Anvil: So he brought a Vegas theme to the office?

Porter: Right. And the ceiling, too. He had the ceiling in his main office painted light blue with clouds, like in the underground tunnels that connect the casinos. So you'd be in his office trying to talk business and he'd look at the ceiling and say, "God! What a beautiful day!" There was kind of a disconnect there. But I figured, hey, business is good.

Adam Greenblatt was a Project Manager at Sun Microsystems when he was recruited by Anvil in the spring of 2000. He is currently Anvil's Senior Vice President for Branding and Co-promotion.

What was your first impression of the Anvil operation?

Greenblatt: I had just been hired, I mean just, and they told me, "Oh, and we're all going to Las Vegas to celebrate the quarter." Oh, okay. I didn't even really know anybody but I went–well, it was sort of required. And they had a big room at the MGM, like a big party room, a ballroom, and they had Three Dog Night playing. You know them, "Joy to the World"? Oh, and The Village People! I mean, who gets The Village People to play at their party?! That was hilarious. I remember people were spelling out YMCA with their arms…then it's a blank screen. Then I'm in a hot tub with, I think, Paul Anka. Then it's the next day and I'm on the plane with my forehead against the window.

Anvil: Did the festive atmosphere continue back at the office?

Greenblatt: Oh yeah, it was a lot of fun. We felt like we could do no wrong. Business was great. And then it was like, uh-oh, something's happening here. No more flowers in the lobby, no ice in the urinals, no "Chair Massage Wednesday." Little things at first. Then people. They started laying off people almost as fast as they hired them. Office supplies were disappearing like crazy.

Anvil: Did you look to Kent for leadership at this difficult time?

Greenblatt: Kent was a blur. Literally. When he came in, he would actually run from the elevator to his office and lock the door. He didn't seem to have that glow anymore, you know? You could tell he was getting his clothes at The Gap.

Hired in August 2001, Annie Fitzsimmons is Anvil’s director of co-marketing and special promotions. Prior to her current position, Annie was a member of Anvil’s infamous 1997 broadcast and promotions team, producing "Save Your Stupid Face" and "Anvil Smashes Puppies." Both programs won rave reviews with USA Today and Entertainment Week.

Anvil: Why did you leave Anvil, originally?

Fitzsimmons: I didn’t really leave Anvil. It was a legal thing, you know. I spent a little time in jail, and then the PETA people kidnapped my nana.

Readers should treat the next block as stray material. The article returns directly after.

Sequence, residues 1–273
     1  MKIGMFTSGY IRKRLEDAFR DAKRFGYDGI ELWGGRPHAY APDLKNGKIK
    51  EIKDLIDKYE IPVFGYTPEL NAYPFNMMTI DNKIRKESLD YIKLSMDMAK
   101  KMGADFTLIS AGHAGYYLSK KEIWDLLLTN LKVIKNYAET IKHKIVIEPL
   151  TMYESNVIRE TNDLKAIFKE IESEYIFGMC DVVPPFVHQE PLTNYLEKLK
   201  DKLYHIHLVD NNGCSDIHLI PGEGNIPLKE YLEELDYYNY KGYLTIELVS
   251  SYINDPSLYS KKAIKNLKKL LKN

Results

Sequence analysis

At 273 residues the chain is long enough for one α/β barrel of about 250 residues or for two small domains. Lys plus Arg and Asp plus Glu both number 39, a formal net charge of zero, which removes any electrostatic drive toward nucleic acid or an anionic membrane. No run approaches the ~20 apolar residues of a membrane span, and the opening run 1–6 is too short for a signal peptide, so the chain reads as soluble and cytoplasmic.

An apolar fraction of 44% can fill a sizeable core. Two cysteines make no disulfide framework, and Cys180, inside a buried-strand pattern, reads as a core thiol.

Anvil: What was it like working for Anvil Broadcast and do you think it’ll ever come back?

Fitzsimmons: Anvil broadcast was amazing! We used to get away with murder. Well, not really, but that just goes back to the PETA thing. We’d go up to Kent’s office and say crazy things, like, "we’re going to go shoot an exposé on teens and club drugs," and Kent would give us his corporate card. It was nuts. We’d load up the van with cameras and Doritos and go clubbing all night long, interviewing people in between cuts of Prodigy and Depeche Mode. One of our photographers, Eddie Stecklein, he’d usually take off to a dark corner and then come back to shut the camera down before we’d leave. I think he got more nookie that night than any other time in his life.

Anvil: Alrighty then. What about Anvil Broadcast ever coming back?

Fitzsimmons: Yeah, the $15 question. I don’t know if we’ll ever be able to get an FCC license again. Once you screw up, it’s really hard to get another one. But with broadband on the horizon, I think Kent wants to do live Webcasts and serve up pre-recorded MPEG segments. That’s fine by us, because we can finally edit some of this stuff down. Hell, we can probably recycle half the content, too, minus the marketing fluff. Most of the vices and issues we covered were far from timely. I really want to release the first season of "Save Your Stupid Face" on DVD. I think Kent’s game for it, too, as long as we get the case closed before it hits the shelves. Should be easy.

Anvil: What’s your impression on Anvil now as compared to Anvil then?

Fitzsimmons: No doubt in my mind that Kent has matured a bit, just as the pub has. I haven’t seen him wearing his red chaps in years and when’s the last time you saw a set of ass cheeks on the front page? He sold off the BMW and takes the bus to work. The Web team doesn’t have go-go cages in their offices any more and all the admins seem like nice girls. I think one of them is even straight. I can’t say it’s better, but it’s definitely easier, quieter and more focused. Kent listens to NPR all day and the writers don’t spend as much time on the fire escape as they used to. One question from me: what the hell happened to the fish tank full of livers? Who would take that?